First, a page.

challenge, assumption that nature has any worth other than the value humans can derive from it, let alone search for a deeper value in nature. This ensures that human duties retain a purely human focus, thereby avoiding the possibility that humans may have duties that extend to non-humans. This can lead to viewing the non-human world, devoid of direct moral consideration, as a mere resource with a purely instrumental value of servitude. This gives rise to a principle of total use, whereby every natural area is seen for its potential cultivation value, to be used for human ends (Zimmerman 1998: 19). This provides limited means to criticise the behaviour of those who use nature purely as a warehouse of resources (Pierce & Van De Veer 1995: 184). It is clear that humanity has the capacity to transform and degrade the environment. Given the consequences inherent in having

such capacities, "the need for a coherent, comprehensive, rationally persuasive environmental ethic is imperative" (Pierce & Van De Veer 1995: 2). The purpose of an environmental ethic would be to account for the moral relations that exist between humans and the environment, and to provide a rational basis from which to decide how we ought and ought not to treat the environment. The environment was defined as the world in which we are enveloped and immersed,
constituted by both animate and inanimate objects. This includes both individual living creatures, such as plants and animals, as well as non-living, non-individual entities, such as rivers and oceans, forests and velds, essentially, the whole planet Earth. This constitutes a vast and all-inclusive sphere, and, for purposes of clarity, shall be referred to as the "greater environment". In order to account for the moral relations that exist between humans and the greater environment, an environmental ethic should have a significantly wide range of focus. I argue that

anthropocentric value systems are not suitable to the task of developing a comprehensive environmental ethic. Firstly, anthropocentric assumptions have been shown to be largely responsible for the current environmental crisis. While this in itself does not provide strong support for the claim, it does cast a dim light on any theory that is informed by such assumptions. Secondly, an environmental ethic requires a significantly wide range of focus. As such, it should consider the interests of a wide range of
beings. It has been shown that anthropocentric approaches do not entertain the notion that non-human entities can have interests independent of human interests. "Expansionist", "conservationist" and "preservationist" approaches only acknowledge a value in nature that is determined by the needs and interests of humans. Thirdly,

because anthropocentric approaches provide a moral account for the interests of humans alone, while excluding non-humans from direct moral consideration, they are not sufficiently encompassing. An environmental ethic needs to be suitably encompassing to
ensure that a moral account is provided for all entities that constitute the environment. It could be argued that the indirect moral concern for the environment arising out of an anthropocentric approach is sufficient to ensure the protection of the greater environment. In response, only those entities that are in the interest of humans will be morally considered, albeit indirectly, while those entities which fall outside of this realm will be seen to be morally irrelevant. Assuming that there are more entities on this planet that are not in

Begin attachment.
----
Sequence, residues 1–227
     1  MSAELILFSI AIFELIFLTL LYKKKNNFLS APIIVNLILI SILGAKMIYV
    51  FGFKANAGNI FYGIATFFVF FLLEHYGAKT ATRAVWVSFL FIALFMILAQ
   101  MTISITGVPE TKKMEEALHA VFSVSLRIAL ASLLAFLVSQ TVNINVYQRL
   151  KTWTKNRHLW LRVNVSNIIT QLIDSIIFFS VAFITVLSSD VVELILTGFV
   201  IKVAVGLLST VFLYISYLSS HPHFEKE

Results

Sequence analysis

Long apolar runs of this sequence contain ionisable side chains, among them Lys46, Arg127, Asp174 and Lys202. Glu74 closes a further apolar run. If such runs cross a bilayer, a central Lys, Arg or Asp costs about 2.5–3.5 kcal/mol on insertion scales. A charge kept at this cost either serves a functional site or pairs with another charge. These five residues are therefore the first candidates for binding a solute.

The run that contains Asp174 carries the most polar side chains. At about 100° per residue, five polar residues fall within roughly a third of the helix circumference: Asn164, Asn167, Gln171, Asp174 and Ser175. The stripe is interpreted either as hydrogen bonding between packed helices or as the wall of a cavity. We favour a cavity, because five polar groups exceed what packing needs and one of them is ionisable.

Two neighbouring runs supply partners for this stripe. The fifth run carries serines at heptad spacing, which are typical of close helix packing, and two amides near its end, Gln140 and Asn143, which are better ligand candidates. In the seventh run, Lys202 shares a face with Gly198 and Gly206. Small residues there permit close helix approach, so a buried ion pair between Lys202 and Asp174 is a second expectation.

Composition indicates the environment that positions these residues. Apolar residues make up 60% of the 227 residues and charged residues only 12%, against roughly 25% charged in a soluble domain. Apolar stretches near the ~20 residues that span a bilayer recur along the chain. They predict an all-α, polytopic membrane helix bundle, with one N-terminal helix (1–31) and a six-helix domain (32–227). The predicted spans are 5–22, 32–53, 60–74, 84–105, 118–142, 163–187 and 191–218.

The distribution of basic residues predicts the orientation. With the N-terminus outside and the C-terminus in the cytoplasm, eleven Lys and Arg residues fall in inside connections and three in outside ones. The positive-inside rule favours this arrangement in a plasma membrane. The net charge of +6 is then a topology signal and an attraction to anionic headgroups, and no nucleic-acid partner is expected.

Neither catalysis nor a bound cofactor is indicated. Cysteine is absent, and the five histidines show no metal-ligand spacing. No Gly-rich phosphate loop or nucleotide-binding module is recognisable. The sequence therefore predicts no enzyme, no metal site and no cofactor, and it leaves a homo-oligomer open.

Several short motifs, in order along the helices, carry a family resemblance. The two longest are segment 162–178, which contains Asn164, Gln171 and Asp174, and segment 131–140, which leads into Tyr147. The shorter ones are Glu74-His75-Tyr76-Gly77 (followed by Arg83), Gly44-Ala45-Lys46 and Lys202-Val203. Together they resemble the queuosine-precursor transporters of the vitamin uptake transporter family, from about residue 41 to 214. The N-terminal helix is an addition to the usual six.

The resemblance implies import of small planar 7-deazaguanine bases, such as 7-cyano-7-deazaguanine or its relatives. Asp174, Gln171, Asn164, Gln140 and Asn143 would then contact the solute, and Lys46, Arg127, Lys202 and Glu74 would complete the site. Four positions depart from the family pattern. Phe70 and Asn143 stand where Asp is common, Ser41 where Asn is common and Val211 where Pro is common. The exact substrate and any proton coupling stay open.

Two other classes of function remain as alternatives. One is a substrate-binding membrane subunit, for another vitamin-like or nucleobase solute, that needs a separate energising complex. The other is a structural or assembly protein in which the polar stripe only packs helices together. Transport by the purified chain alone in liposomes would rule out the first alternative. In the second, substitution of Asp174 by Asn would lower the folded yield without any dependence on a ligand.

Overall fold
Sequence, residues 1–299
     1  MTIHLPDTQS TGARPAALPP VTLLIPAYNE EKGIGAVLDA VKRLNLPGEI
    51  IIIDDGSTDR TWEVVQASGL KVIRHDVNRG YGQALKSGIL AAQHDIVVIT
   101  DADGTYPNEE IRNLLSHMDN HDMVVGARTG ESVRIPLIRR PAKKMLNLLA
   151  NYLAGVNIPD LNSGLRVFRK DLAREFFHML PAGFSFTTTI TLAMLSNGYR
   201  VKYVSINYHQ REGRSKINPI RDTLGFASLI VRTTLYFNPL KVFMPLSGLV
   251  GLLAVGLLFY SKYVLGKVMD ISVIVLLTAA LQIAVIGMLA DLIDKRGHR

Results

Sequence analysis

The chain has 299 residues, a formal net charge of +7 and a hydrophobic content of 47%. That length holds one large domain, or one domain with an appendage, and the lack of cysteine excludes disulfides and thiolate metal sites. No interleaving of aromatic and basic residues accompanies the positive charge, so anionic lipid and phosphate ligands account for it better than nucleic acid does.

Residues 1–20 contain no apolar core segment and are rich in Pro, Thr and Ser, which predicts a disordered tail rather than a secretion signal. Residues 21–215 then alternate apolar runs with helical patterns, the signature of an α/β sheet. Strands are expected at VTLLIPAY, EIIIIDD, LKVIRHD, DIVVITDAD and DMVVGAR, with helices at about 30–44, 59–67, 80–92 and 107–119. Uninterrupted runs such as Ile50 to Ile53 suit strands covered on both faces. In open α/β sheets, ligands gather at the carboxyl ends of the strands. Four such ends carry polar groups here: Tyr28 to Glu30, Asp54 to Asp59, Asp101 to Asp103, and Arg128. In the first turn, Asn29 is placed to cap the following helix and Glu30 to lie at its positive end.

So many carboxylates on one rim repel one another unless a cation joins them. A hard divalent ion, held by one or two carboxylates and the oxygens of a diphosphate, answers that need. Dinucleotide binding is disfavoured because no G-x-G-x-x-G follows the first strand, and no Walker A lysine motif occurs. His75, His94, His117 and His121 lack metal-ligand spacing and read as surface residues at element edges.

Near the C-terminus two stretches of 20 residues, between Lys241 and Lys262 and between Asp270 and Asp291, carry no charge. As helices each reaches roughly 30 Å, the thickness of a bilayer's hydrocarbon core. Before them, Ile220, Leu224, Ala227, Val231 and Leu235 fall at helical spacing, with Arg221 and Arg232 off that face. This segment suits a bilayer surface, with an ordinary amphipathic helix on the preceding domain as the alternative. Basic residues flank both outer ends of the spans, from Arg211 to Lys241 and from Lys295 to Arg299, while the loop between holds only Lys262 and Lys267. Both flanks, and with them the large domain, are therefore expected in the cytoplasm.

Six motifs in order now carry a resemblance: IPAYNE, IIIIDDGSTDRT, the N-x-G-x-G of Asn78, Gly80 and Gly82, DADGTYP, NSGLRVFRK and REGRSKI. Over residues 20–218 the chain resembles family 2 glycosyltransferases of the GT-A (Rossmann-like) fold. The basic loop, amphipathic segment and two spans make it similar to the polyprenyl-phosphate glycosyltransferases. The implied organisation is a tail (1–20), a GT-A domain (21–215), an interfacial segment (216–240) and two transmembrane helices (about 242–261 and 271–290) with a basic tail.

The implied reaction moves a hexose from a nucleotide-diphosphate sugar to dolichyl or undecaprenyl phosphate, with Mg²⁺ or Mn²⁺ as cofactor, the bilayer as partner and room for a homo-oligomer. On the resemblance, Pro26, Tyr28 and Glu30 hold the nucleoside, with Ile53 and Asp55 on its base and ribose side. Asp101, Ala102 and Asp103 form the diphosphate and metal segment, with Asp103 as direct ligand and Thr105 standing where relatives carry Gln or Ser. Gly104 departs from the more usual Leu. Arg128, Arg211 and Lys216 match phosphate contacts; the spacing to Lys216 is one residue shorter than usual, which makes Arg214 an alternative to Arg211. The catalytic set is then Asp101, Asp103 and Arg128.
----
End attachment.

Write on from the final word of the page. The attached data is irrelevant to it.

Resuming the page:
the interest of humans than entities that are, it is safe to say that anthropocentric approaches are not adequately encompassing. Fourthly, the goals of an environmental ethic should protect and maintain the greater environment. It is clear that the expansionist approach, which is

primarily concerned with the transformation of nature for economic return, does not meet these goals. Similarly, neither does the conservationist approach, which is
arguably the same as the expansionist approach. The preservationist approach does, in principle satisfy this requirement. However, this is problematic for such preservation is based upon the needs and interests of humans, and "as human interests and needs change, so too would human uses for the environment" (Des Jardins 1997: 129). Non-human entities, held captive by the needs and interests of humans, are open to whatever fancies the interests of humans. In light of the above, it is my contention that anthropocentric value systems fail to

provide a stable ground for the development of an environmental ethic . C. Impact: Anthropocentrism not only culminates in extinction, it alienates us from nature, destroying value to life. Roger S. Gottlieb, professor of humanities at Worcester Polytechnic Institute, 1994, ETHICS AND TRAUMA: LEVINAS, FEMINISM, AND DEEP ECOLOGY, http://www.crosscurrents.org/feministecology.htm
Perhaps there is in progress another, even more encompassing Death Event, which can be the historical condition for an ethic of compassion and care. I speak of the specter of ecocide, the continuing

destruction of species and ecosystems, and the growing threat to the basic conditions essential to human life. What kind of ethic is adequate to this brutally new and potentially most unforgiving of crises? How can we respond
to this trauma with an ethic which demands a response, and does not remain marginalized? Here I will at least begin in agreement with Levinas. As he rejects an ethics proceeding on the basis of self-interest, so I believe the